The Associated Press
COLUMBUS, Ohio — For Charles Wise, the daily sparring of Ukrainian political leaders bears a certain resemblance to things here at home.
From an office in one of America's most hotly contested presidential battleground states, Wise oversees a U.S. government-supported initiative to foster democracy in Ukraine. He has grown accustomed to struggles for control in both places.
"If you're happy in Ohio, you'll be happy in Kiev," Wise said.
Of course, Wise is keenly aware that fighting to lead a democracy — as American Democrats and Republicans do every election season — is a far cry from fighting to keep one alive.
Ukraine's democracy, begun after it shook free of Russian control in 1991, is viewed as a rare success story in the volatile region.
The program Wise oversees, the Parliamentary Development Project, began work there in 1994. Funded by the U.S. Agency on International Development, it is considered the longest-running sustained effort to promote democracy in the world.
Management of the effort migrated to Ohio along with Wise, who came to Columbus last year to direct the John Glenn School of Public Affairs at Ohio State University. Last month, the school signed a $4 million, three-year subcontract to operate the program — formally centered at Indiana University.
During the U.S. presidential debate on Oct. 7, Republican nominee John McCain described Ukraine as "in the sights of (Russian President) Vladimir Putin," a notion more ominous given Russia's August war with neighboring Georgia.
A fierce battle for political control is playing out there. Earlier this month, Ukrainian President Viktor Yushchenko dissolved the Parliament that Wise's program has helped guide — known as the Verkhovna Rada. Prime Minister Yulia Tymoshenko has challenged the move in court, hoping to retain power for a pro-western coalition.
The two were former partners in the Orange Revolution, during which Ukraine broke free of Russia. They are now estranged and expected to be rivals for president in 2010 of the nation of 46 million.
In a recent video teleconference with the democracy project's 16-member Kiev staff, Wise heard cautious optimism from employees there. Ukraine Program Director Ellie Valentine said business is more or less continuing as usual.
Out of its Kiev office, the project organizes seminars with representatives of other democracies for members of the Parliament and their staffs, answers questions, and summons resources when needed.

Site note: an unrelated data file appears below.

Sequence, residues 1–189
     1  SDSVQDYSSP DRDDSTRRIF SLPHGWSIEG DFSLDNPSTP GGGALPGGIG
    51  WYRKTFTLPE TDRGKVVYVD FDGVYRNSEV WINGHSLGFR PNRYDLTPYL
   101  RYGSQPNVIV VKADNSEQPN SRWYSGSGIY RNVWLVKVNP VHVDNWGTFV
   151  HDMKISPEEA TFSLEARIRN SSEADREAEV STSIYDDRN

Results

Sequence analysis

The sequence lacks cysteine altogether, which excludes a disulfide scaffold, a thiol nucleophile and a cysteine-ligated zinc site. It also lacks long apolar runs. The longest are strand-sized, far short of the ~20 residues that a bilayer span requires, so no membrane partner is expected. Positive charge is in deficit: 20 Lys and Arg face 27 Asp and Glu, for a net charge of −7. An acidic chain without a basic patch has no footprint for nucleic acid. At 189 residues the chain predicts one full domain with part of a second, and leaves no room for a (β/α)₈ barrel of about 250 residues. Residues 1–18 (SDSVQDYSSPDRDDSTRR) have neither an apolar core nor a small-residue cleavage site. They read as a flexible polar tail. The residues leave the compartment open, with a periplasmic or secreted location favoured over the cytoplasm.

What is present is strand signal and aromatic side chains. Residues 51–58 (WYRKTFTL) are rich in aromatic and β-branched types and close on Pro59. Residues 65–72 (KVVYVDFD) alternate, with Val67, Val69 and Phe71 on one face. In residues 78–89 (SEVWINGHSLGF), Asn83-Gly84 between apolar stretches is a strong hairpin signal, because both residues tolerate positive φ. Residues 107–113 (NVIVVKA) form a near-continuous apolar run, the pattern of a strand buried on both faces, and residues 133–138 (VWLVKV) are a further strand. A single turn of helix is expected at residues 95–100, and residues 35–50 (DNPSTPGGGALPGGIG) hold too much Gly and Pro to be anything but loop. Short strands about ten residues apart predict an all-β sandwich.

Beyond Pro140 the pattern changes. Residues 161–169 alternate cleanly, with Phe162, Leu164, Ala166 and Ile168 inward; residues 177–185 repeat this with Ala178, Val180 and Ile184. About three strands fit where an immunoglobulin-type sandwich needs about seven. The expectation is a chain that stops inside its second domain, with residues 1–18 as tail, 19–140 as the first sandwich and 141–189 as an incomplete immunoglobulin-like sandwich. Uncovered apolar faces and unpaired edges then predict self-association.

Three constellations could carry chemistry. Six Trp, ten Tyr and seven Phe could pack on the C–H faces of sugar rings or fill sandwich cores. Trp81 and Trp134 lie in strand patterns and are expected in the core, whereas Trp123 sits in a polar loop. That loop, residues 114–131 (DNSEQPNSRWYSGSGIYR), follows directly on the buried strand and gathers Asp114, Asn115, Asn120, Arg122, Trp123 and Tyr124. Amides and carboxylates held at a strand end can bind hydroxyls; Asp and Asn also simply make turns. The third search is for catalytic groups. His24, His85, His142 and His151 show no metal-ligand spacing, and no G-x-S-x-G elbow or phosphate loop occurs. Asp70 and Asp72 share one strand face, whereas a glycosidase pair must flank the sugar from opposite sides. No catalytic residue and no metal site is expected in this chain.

"Essentially, it's advice, guidance, information about all the nuts and bolts about running a democratic parliament — from the legislative process to committee organization, the budget process, relations with the media, citizen transparency — because to this point they've had no experience operating in that kind of environment," said Trevor Brown, associate project executive.
Brown said the initiative got its start during a tour of Washington, D.C., that Wise was giving to a group of members of Ukraine's first Parliament in the early 1990s. As he spoke, the then-speaker wondered whether the budding democracy might develop a formal, ongoing relationship with American experts.
Wise has been the program's chief executive since its inception, traveling to Ukraine several times a year. He said the program is nonpartisan and steers clear of political wrangling. He described the back-and-forth between Yushchenko and Tymoshenko over the status of the Parliament and the country's upcoming elections as equivalent to President Bush and U.S. House Speaker Nancy Pelosi going at it over the Wall Street bailout.
"The point of our project is to help them put processes in place so that negotiation and arrangements on specific policies can go on regardless of the turmoil that's happening at the top," Wise said. "During the past three months, while all this political turmoil has been going on, the Parliament has actually passed some very significant legislation."
He said the democracy project has made significant contributions over the years. "We were there and held a workshop for them when they were considering, drafting and debating their Constitution," he said. "We've been there as they established basic processes in the Parliament, like the process of holding committee hearings and taking public input. They had never done that before."
From studying democracies around the world, Wise has learned that there are many ways to run one well. He has also gained a new appreciation for how far America has come in 200 years. "After 10 years, the (U.S.) Articles of Confederation weren't working that well either," he said.
He said Americans need to remind themselves of what they want from their democracy and the different roles the branches of government play.
"After the break up of the Soviet Union, all these countries like Ukraine had to set up a market system from scratch. They also had to set up a regulatory system to monitor things like the stock market," he said. "In our current financial crisis, maybe we forgot how important some of those things are. The fact is, in a representative democracy, the legislative branch plays a very important role in making sure those institutions are established and are working."
Copyright 2008 The Associated Press.